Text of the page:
SOLITARY CONFINEMENT

The package wears a bow-tie. He smiles at the clock. He can’t go anywhere or do anything because packages don’t move on their own and there is nothing that moves him. Being self-aware, He observes himself as weight. Gravity is the rule that owns him. Repetition is the game that plays him in a slow, evenly paced drip that marks time. More accurately, it is the clock that changes position, and the smile indicates nothing because it has been pasted on, it signifies no particular emotion. It remains perhaps because it relaxes his face and has become a habit and habit is what keeps him. He notices his chest, a block heaving, and sometimes gets lost in its momentum. In moments like this he goes away and then returns . He returns to the same place, to his body, to the repetition, to the arena of pain. Everything is old, solid, unchanged. He listens to his body, to the noises that wash over it in a functional , predictable sequence- the passages, the objections, the causes and effects, the tedium. He tries to listen for something different and then concludes that it has all been done just the same as it always has, in eternal, concentric stasis . He remembers, he still can remember, the sun, the moon, their dance in light and darkness. The clock moves once again and the past spins out as well with all the unreality of soap bubbles. It could be another mind that invented it. The mind means nothing, can’t be trusted to produce anything reliable. He is his body: Limited. Immobile. Circumscribed, as if spirit has been extricated leaving a corpse that is watching itself. A stone watching a stone, watching the clock move over frozen time.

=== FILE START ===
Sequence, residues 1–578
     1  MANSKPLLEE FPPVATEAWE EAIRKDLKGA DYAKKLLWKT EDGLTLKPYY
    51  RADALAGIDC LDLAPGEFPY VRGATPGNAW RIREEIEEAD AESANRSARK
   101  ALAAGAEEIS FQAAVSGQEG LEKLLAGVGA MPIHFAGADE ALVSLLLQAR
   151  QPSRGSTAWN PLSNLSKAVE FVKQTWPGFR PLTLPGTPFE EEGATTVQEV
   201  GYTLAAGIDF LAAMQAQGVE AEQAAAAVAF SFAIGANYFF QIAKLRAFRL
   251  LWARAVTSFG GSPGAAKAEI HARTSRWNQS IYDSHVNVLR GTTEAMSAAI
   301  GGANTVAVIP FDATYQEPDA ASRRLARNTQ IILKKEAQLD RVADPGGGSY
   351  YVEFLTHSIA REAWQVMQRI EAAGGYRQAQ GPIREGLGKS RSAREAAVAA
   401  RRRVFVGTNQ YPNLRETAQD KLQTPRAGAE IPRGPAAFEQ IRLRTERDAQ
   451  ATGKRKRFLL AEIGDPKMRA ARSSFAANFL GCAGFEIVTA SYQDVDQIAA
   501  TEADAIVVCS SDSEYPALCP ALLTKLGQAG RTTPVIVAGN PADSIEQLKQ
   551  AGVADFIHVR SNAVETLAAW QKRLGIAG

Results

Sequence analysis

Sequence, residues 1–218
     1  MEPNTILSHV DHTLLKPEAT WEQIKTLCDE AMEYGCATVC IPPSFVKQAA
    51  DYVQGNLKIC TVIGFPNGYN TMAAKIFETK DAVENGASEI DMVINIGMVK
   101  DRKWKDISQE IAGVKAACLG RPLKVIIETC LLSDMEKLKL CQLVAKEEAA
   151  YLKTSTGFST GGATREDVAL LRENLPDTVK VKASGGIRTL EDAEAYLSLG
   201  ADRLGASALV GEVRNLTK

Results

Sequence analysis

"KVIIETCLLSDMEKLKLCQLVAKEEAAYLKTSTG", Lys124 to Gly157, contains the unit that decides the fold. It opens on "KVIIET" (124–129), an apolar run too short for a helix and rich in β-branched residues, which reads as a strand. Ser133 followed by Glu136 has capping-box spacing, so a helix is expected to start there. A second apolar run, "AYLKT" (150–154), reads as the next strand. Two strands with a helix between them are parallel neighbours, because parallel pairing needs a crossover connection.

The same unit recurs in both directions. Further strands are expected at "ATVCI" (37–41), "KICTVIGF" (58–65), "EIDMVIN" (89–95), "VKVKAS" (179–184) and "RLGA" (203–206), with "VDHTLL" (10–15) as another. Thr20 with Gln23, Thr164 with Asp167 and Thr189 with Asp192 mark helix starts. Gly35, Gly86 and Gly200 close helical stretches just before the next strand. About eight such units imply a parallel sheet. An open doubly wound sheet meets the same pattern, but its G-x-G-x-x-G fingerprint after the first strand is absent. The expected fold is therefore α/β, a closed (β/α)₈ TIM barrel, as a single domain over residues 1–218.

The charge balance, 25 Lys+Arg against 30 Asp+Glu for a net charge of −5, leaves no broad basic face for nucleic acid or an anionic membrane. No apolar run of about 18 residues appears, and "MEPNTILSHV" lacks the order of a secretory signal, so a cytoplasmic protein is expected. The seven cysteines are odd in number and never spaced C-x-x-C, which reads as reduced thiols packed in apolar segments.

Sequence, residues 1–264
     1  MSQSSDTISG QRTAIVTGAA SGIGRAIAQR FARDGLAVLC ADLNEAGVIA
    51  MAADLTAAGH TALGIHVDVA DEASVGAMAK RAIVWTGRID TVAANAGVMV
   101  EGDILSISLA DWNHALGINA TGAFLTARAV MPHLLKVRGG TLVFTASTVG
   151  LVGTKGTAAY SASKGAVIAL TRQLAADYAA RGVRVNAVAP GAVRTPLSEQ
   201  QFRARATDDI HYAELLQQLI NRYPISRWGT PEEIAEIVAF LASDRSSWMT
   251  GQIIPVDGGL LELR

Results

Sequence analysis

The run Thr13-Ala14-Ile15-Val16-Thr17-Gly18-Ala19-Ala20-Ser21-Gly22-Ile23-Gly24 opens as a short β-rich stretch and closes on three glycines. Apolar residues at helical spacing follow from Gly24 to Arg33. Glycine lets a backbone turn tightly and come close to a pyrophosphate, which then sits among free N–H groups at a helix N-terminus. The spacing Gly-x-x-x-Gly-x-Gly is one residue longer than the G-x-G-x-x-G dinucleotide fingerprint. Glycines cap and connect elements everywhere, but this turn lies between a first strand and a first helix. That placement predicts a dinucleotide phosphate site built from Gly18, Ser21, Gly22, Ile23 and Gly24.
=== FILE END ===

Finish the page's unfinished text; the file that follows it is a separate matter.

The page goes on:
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One thought on “SOLITARY CONFINEMENT

  1. I can truly relate to this poem at age 67. My self has been pretty much packaged and gravity, both in the physical and psychological sense, is more and more at play. Still, this old dog keeps on trying to learn new tricks. It’s what makes life so fascinating. Very insightful poem Ron.

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